Hopefully the personal story acts as a guide through the zones because that will be necessary. Players need more purpose than pure exploration… — Ravious
He is probably right, but I wonder.
The first generation of graphic MUDs had far less guidance. I started with Asheron’s Call, which had almost none. There was no quest book. Some NPCs would trade for something in a dungeon or from a monster, and that was how most quests were structured. Some locations had stories that you could follow. For the most part, though: here, have a world, go nuts. (I could not tell you the current state of Dereth.)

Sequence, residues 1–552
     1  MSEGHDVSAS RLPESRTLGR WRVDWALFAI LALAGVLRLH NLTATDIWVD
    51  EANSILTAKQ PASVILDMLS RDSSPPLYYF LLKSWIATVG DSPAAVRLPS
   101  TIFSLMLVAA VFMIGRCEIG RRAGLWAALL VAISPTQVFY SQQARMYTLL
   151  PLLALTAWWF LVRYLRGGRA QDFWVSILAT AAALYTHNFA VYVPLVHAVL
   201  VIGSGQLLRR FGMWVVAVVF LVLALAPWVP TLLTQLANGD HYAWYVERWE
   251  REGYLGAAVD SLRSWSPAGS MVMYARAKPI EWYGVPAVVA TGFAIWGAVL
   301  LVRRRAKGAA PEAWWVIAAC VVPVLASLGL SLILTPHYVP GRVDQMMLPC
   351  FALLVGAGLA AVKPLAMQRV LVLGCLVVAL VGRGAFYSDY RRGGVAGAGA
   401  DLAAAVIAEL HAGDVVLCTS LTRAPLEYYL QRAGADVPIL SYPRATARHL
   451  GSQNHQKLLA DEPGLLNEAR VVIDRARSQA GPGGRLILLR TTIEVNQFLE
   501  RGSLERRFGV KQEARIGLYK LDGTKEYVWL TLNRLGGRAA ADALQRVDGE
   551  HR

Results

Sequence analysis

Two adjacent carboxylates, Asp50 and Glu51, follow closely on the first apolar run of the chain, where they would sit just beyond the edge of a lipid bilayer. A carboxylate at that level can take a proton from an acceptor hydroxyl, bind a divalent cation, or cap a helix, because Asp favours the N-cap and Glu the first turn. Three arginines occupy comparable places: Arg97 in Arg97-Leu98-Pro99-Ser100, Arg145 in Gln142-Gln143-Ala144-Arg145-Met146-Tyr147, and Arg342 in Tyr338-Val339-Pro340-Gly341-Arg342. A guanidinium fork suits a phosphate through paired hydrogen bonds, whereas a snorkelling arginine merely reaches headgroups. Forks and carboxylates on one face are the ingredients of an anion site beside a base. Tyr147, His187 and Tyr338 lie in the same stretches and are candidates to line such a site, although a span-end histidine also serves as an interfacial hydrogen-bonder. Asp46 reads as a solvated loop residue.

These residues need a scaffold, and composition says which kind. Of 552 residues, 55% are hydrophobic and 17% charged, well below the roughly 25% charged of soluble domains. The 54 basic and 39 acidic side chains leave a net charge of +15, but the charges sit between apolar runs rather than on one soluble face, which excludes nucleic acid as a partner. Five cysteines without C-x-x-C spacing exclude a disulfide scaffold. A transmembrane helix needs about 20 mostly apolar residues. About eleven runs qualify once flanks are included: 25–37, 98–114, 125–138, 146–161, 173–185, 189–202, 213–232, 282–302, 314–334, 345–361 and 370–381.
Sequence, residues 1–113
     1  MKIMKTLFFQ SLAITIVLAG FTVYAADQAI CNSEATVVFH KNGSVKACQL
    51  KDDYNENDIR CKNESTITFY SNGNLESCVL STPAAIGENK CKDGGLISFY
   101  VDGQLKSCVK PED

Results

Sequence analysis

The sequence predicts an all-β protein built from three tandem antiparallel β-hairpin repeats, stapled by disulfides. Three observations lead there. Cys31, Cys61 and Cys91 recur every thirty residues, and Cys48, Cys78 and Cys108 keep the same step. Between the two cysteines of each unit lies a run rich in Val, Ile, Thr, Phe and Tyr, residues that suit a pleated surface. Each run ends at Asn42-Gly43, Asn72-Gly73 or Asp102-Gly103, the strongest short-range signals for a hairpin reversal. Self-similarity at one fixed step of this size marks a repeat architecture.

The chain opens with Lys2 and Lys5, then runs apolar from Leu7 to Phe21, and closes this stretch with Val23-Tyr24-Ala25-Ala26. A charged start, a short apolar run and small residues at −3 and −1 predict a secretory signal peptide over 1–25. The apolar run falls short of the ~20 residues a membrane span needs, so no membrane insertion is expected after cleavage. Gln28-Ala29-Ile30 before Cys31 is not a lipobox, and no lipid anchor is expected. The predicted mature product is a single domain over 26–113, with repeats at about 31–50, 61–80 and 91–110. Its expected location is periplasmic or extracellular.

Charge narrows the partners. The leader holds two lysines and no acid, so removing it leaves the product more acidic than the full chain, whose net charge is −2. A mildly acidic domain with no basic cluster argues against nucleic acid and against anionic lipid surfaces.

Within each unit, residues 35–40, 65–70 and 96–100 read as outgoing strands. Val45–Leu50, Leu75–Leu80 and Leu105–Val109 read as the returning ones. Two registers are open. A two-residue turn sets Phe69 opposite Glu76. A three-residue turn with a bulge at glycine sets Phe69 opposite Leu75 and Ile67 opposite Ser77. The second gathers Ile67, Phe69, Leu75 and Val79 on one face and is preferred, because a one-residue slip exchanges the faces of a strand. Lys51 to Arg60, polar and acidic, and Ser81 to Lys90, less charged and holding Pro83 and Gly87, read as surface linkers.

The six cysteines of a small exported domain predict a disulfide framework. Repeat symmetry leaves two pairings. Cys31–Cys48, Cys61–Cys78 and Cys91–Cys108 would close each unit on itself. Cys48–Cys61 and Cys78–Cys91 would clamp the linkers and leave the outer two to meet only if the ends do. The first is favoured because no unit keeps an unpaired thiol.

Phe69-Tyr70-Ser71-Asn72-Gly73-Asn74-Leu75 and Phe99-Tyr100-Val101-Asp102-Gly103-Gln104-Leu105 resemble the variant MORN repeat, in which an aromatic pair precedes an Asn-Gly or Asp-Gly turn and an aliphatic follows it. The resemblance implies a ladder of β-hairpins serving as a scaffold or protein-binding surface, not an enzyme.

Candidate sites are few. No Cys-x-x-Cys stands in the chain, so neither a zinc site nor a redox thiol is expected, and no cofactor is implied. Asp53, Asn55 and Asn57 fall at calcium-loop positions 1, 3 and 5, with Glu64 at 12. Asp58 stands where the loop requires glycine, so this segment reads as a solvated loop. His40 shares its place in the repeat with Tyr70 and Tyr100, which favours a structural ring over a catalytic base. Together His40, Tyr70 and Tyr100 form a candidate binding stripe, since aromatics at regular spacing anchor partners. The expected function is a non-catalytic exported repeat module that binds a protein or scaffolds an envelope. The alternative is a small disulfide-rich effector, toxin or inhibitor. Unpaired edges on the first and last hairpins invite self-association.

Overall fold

We moved away from that pretty immediately. Asheron’s Call 2 was organized by vaults the way The Lord of the Rings Online™ has its epic story, although it was a ways from the now-familiar on-rails quest hub structure. A Tale in the Desert added levels and EVE added certificates to help guide people. Can I hope that Darkfall is a last sandbox without a trail of breadcrumbs?
I understand the desire for guidance. I know the feeling of “so now what?” But I also liked the Asheron’s Call feeling of deciding what I want to do tonight. It was more of scattered attractions than theme park rides. And that left us wondering what else me might find if we ran fifteen minutes in a random direction.